---
output:
  html_document:
    theme:
      bg: "#002B36" 
      fg: "#EEE8D5"
      progress-bar-bg: "orange"
---

In addition to CSS values (e.g., "orange"), a variable can be any valid Sass expression, which is quite useful for leveraging Sass’ built-in module’s (e.g., mix() for mixing colors)

bs_theme("progress-bar-bg" = "mix(white, orange, 20%)")
#> $progress-bar-bg: mix(white, orange, 20%) !default;
#> @import "scss/_variables.scss";

Underneath the hood, bs_theme() works by placing Sass variable defaults before Bootstrap’s variable defaults. That’s why something like bs_theme(primary = "red") “just works” in the sense that it not only provides $primary with a new default value, but it also passes the value to other variables that default to $primary (e.g. $progress-bar-bg).

# Reduced version of the Sass code behind `bs_theme(primary = "red")`
sass::sass("
  $primary: red !default; // First one wins
  $primary: blue !default;
  $progress-bar-bg: $primary !default;
  @debug $primary, $progress-bar-bg;
")
#> red, red

Since bs_theme() defines variables before Bootstrap, we must define variables differently if they want to reference Bootstrap’s Sass code. For example, what if we wanted $progress-bar-bg to default to $secondary instead of $primary?

sass::sass(bs_theme("progress-bar-bg" = "$secondary"))
#> Error: Undefined variable: "$secondary".

Thankfully bs_add_variables() provides a workaround. By default, bs_add_variables() works just like bs_theme() (it puts variable definitions before other Sass code), but by with .where = "declarations", we can place the definition after Bootstrap:

bs_add_variables(bs_theme(), "progress-bar-bg" = "$secondary", .where = "declarations")
#> @import "scss/_variables.scss";
#> $progress-bar-bg: $secondary;

There’s currently no easy way to define variables this way in R Markdown (other than using !expr to pass a bs_theme() object directly into theme)

output:
  html_document:
    theme: !expr bslib::bs_add_variables(bslib::bs_theme(), "progress-bar-bg" = "$secondary", .where = "declarations")

Real-time theming

Use bs_theme_preview() (or bs_themer()) to create custom themes in “real-time” via an interactive theming widget. The former overlays the widget on a demo Shiny app (see here for a hosted version):

The latter (bs_themer()) may be used with any Shiny app or R Markdown document. Just make sure you’re providing Bootstrap 4 (or higher) to the page constructor and call bs_themer() in a Shiny runtime content (i.e., within the server function).

# Shiny usage
ui <- navbarPage(
  theme = bs_theme(),
  ...
)
server <- function(input, output) {
  bs_themer()
  ...
}
# R Markdown usage
---
runtime: shiny
output:
  html_document:
    theme:
      bslib: true
---

```{r}
bslib::bs_themer()
```

By the way, when running the real-time themer locally in a Shiny app, you’ll see output like this in your R console (in R Markdown, you’ll see YAML output instead of R code) to reproduce the theming changes:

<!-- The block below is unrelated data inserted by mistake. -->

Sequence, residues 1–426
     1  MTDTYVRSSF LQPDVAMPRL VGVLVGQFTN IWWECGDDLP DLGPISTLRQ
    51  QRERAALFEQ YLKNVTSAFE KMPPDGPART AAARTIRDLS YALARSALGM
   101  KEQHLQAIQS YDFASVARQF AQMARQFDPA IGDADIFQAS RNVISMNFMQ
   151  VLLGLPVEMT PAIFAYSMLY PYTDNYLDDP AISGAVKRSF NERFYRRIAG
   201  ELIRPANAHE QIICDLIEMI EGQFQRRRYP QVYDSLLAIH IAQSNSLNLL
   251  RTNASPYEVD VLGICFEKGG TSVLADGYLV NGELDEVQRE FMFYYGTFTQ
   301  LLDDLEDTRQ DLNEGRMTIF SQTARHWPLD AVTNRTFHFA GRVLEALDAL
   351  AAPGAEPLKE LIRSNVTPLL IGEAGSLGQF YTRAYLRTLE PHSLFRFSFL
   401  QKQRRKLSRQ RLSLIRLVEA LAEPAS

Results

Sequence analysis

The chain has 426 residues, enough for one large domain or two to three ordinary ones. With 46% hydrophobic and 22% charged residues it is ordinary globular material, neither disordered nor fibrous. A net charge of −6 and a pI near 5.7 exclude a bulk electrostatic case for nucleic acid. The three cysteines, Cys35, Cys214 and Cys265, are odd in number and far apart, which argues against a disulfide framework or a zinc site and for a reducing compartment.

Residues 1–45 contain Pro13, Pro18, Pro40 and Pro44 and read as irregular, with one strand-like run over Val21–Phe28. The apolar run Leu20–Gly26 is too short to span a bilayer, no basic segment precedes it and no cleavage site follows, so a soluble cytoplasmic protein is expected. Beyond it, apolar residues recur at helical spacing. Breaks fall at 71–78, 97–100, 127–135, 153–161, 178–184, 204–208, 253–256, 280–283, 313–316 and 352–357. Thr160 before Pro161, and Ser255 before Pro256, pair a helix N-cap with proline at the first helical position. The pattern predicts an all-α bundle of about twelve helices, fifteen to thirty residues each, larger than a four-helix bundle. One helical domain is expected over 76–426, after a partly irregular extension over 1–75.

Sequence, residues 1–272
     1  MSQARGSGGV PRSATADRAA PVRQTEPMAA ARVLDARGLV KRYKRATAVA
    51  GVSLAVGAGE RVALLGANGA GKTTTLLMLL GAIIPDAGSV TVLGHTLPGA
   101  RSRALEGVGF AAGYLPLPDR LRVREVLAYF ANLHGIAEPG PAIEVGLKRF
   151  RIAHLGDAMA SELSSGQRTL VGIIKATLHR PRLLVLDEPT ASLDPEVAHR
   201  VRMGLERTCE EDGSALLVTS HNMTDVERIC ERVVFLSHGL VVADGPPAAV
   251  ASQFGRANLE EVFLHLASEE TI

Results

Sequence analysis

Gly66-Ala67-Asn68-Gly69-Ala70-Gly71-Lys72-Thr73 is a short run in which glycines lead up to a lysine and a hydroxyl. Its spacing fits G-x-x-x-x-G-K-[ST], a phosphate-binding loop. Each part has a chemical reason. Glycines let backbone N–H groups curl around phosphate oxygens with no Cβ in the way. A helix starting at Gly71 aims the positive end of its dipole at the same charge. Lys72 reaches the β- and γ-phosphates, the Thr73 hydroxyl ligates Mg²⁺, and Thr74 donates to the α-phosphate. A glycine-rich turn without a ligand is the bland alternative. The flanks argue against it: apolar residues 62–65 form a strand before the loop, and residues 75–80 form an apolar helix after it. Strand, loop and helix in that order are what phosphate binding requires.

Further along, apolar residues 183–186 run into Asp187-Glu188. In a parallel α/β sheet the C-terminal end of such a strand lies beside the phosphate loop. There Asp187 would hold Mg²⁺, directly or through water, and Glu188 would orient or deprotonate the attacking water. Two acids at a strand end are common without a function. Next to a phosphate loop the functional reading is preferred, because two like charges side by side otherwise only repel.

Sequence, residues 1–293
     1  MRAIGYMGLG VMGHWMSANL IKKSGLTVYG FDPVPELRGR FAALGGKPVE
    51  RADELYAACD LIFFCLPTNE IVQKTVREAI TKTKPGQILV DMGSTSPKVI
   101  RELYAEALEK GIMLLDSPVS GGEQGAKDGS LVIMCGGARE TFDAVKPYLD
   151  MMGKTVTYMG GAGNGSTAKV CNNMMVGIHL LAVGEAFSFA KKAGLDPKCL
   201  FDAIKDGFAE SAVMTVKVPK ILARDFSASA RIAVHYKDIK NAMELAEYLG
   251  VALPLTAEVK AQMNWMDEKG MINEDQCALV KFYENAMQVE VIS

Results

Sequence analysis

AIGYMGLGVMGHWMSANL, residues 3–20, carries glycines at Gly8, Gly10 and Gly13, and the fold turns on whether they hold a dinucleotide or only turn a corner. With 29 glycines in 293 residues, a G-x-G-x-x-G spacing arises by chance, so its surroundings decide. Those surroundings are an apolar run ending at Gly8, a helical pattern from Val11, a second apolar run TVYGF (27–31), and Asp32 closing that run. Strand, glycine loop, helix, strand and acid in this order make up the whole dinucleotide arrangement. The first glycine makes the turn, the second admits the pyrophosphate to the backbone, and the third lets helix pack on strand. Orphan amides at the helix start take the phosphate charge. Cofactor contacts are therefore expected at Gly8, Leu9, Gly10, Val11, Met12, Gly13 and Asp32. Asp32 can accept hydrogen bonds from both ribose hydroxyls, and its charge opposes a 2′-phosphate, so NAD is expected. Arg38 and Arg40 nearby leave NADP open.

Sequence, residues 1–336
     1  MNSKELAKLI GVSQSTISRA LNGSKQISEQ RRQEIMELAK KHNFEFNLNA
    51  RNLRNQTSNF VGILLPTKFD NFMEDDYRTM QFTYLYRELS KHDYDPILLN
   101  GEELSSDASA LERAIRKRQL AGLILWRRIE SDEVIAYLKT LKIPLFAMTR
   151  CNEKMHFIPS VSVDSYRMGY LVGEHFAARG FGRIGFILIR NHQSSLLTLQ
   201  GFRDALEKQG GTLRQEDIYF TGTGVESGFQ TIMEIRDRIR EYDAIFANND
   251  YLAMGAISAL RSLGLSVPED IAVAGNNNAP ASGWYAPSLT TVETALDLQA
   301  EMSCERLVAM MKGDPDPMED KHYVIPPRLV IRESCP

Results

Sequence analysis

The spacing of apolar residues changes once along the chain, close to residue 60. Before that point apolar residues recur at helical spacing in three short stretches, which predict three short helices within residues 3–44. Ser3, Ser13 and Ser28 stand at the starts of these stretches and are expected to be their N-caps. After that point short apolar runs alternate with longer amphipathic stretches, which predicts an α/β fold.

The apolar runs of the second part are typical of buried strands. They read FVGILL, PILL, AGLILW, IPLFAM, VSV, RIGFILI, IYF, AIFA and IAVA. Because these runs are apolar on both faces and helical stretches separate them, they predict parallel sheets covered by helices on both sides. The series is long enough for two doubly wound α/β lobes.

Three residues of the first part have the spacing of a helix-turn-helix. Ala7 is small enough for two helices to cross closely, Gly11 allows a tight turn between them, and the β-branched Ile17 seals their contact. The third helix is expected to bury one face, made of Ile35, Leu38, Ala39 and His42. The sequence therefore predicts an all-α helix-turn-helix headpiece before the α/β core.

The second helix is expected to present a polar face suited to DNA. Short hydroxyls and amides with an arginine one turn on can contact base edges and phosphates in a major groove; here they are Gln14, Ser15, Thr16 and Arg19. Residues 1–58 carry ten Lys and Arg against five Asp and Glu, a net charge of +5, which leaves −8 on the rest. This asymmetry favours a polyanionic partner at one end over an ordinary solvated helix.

Dynamic theming

The functionality behind real-time theming can be leveraged in any Shiny app (or runtime:shiny Rmd doc) to implement your own custom theming widget (via session$setCurrentTheme()), like a dark mode switch:

light <- bs_theme()
dark <- bs_theme(bg = "black", fg = "white", primary = "purple")
ui <- fluidPage(
  theme = light, 
  checkboxInput("dark_mode", "Dark mode")
)
server <- function(input, output, session) {
  observe(session$setCurrentTheme(
    if (isTRUE(input$dark_mode)) dark else light
  ))
}
shinyApp(ui, server)

See the sections on setCurrentTheme and getCurrentTheme here to learn more.

Advanced theming

Adding rules

A good amount of theming is possible by customizing Bootstrap Sass variables in bs_theme(), but sometimes you may also want to add additional Sass/CSS rules. The bs_add_rules() function makes this easy for Shiny usage. Here’s an example of adding nes.css, which adds additional styles for things like the mouse cursor (on top of bs_theme()s theming options).

bs_theme(
  bg = "#e5e5e5", fg = "#0d0c0c", primary = "#dd2020",
  base_font = font_google("Press Start 2P"),
  code_font = font_google("Press Start 2P"),
  "font-size-base" = "0.75rem", "enable-rounded" = FALSE
) %>%
  bs_add_rules(
    '@import "https://unpkg.com/nes.css@latest/css/nes.min.css"'
  )

In the R Markdown case, it’s recommended that additional CSS (or Sass) rules come through the css parameter, but you may also use the bslib engine. As with bs_add_rules(), these rules can reference Bootstrap Sass variables as well as utilize convenient Sass mixins or functions like color-contrast(), mix(), etc.

---
output:
  html_document:
    theme: 
      version: 4
    css: my-rules.scss
---

```{bslib}
$custom-bg: rgba($primary, 0.3);
.custom {
  background-color: $custom-bg;
  color: color-contrast(opaque($body-bg, $custom-bg))
}
```

::: {.custom}
Hello custom block with custom styles!
:::

Utility Classes

With Bootstrap 4 (or higher), you can use utility classes to easily add or subtract styles on specific elements to handle common UI problems like spacing, border, colors, and more. See the article on Utility Classes for some useful examples specific to Shiny and R Markdown.

Component support

Below is a list of known-to-be themeable HTML components that “just work” well with custom real-time themes:

Over time, we’re hoping this list grows as package authors and developers embrace bslib’s tools for making themeable custom components.